Sunday, May 8, 2011

Delirium (Delirium #1) by Lauren Oliver

Delirium is a fantastic, futuristic (though not exactly apocalyptic) novel that is set at a time where the world is changing drastically. The title of the book is derived from the book's main focus, a disease titled amor deliria nervosa which people once thought was love, but now is widely agreed as one of the most dangerous illnesses on the planet. Upon reaching eighteen, every citizen is required to receive the cure, a surgery involving the brain that will eradicate the deliria and will furthermore cause the patient to live a healthy, worry-free life. 

Lena, a teenager verging on her eighteenth birthday, is excited to receive the cure. She is a good girl who has always followed her Aunt Carol's rules and has always taken care of her two younger cousins, Jenny and Gracie. But despite her calm appearance, Lena, also known as Magdelena Haloway, is troubled by dark secrets, the most horrifying one being her mother's suicide. Whispered by the members of her community, in the futuristic world of Portland, Oregon, Lena is also ridiculed upon by her strange past, and always receives a moderate greeting as she is one who isn't thin or fat, pretty or ugly. All this changes, however, when on the day of her evaluation (a test taken to determine future options, such as a person's occupation and his or her spouse,) Lena catches a glimpse of a handsome boy with amber hair and eyes. From this day on, everything Lena knows about her society changes.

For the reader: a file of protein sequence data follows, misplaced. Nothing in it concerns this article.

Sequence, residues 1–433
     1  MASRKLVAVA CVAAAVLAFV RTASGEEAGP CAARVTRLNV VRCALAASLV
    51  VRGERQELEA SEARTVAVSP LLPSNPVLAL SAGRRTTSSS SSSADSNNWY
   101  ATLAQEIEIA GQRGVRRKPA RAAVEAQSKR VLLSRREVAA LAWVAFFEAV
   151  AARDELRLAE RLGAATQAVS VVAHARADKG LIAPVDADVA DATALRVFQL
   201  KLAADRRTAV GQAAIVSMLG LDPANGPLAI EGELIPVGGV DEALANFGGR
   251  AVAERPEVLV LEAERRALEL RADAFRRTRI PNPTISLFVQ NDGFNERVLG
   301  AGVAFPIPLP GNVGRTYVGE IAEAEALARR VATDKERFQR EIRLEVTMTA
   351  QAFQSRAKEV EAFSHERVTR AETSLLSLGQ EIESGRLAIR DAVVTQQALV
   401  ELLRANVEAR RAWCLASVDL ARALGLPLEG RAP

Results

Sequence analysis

In deft but lyrical wording, Lauren Oliver succesfully describes Lena's hardships in this world not unlike Suzanne Collin's The Hunger Games series, while still giving us a relationship that is real and satisfying. Both characters were well developed, and I especially enjoyed the fact that Lena wasn't one of those 'perfect' main characters, and instead was one who was shy, protective, and meek all at once, but still always likeable. The thing that I liked best about Delirium was the fascinating setting that her characters were set in. The futuristic society is fully described and is further enriched by the excerpts from fictional books she gives at the beginnings of each chapter. Society itself seemed similar to Jonah's in the Newberry Honor book The Giver, where the people (and the adults inDelirium's case) were strangely detached and experienced no feeling, good or bad. 

This was an amazing novel, one of the best I've read so far in the 2011 year. The subtle cliffhanger left me waiting for more, while satisfying me for a few months to come. The serious, almost chilling mood let me experience the world full on. Told simply, I can't wait until the sequel of Delirium is out!


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